I’ve been a believer since I was ten years old. I grew up in the church and was raised in a Christian household. All that to say, there was, and continues to be, a lot of talk about mountains and valleys.

Take, for instance, the “mountaintop experience.” Or “walking through the valley of the shadow of death.” Or the “Sermon on the Mount.” All through the Bible there are references to mountains and valleys.

The valleys of life are where most of us reside the majority of the time. There is no way to simply leap from peak to peak; rather, we have to traverse the valleys in between. They are usually low and quiet places, and can be the very place God puts us to equip us for our next climb. But what happens when we decide it’s safest just to stay there? Certainly, there’s less risk and because we’ve grown to know it well, we become comfortable there. What then?

Years ago, we took a vacation to the mountains. One beautiful day, we decided that we would hike one of the trails in hopes of seeing what was billed as a magnificent waterfall. We set off on the trail, which was quite easy at first. However, the further we got along the trail, the more dense the foliage, and steep and rocky the path. It was hard, hard work and the thicket of leaves not only blocked our view, but also prevented any cool breeze at all. In short, it was miserable.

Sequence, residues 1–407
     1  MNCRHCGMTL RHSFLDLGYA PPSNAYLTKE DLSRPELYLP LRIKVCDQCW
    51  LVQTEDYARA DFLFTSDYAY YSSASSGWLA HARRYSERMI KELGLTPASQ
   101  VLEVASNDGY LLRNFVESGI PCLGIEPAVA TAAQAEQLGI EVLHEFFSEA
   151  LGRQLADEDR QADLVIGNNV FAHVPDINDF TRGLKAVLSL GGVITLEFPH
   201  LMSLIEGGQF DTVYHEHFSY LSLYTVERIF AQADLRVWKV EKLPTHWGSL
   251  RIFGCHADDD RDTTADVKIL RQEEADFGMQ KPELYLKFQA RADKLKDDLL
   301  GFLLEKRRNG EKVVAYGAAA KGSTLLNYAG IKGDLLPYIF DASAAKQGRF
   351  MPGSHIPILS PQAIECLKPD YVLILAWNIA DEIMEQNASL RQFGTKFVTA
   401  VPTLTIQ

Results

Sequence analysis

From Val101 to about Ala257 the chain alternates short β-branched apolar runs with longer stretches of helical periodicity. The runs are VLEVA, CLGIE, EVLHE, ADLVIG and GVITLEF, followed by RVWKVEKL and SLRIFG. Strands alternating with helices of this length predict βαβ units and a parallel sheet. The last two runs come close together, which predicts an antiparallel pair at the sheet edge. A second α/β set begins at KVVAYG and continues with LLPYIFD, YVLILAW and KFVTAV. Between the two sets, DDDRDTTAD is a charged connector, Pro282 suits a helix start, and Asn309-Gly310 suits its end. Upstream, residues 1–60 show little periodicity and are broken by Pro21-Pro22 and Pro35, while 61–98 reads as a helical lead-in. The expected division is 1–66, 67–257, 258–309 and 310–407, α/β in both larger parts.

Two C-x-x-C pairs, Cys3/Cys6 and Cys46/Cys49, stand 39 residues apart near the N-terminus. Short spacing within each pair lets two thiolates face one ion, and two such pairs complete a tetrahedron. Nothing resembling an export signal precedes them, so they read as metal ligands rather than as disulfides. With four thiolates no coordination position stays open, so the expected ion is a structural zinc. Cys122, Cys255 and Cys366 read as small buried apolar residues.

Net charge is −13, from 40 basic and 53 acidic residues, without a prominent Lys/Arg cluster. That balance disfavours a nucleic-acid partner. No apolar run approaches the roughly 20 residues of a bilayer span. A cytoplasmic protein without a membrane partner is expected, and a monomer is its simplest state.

We soldiered on, but the path became so obscure that we thought we must have veered off of it somehow. We found a big, flat rock and sat for a bit to cool off. Just then, another couple came by and said they thought this was still the trail; they were going to keep going. We decided it was more than we bargained for, wished them well, and headed back down to level ground.

Later that evening, we ran into that same couple again. They almost couldn’t get a complete sentence out for talking excitedly over each other! They went on and on about how spectacular the view was – further than they’d ever dreamed – and how the waterfall was just as magnificent as we’d all heard. The kicker? All that beauty was only about five minutes further up the mountain. We were RIGHT THERE but quit, missing the whole thing.

This memory has been rumbling about in my mind for a few days, then I ran across the following this morning:

“Not many of us are living at our best. We linger in the lowlands, afraid to climb the mountains. The steepness and ruggedness dismay us, and so we stay in the misty valleys and do not learn the mystery of the hills. We do not know what we lose in our self-indulgence, what glory awaits us if we only had the courage for the mountain climb, what blessings we would find if only we would move to the uplands of God.” – J.R.M. (from Streams in the Desert)

Seems it’s time for me to face up to the hard work of the climb, for I’ve been lingering in the lowlands too long. I’ve never thought of it as “self-indulgence,” but isn’t it? When God’s calling us to His greater glory, isn’t it in our own best interest to obey – and the worst kind of arrogance when we don’t?

I want to see that view from the uplands and not miss it. From all accounts, it’s spectacular.

My New Year’s resolution?

To climb.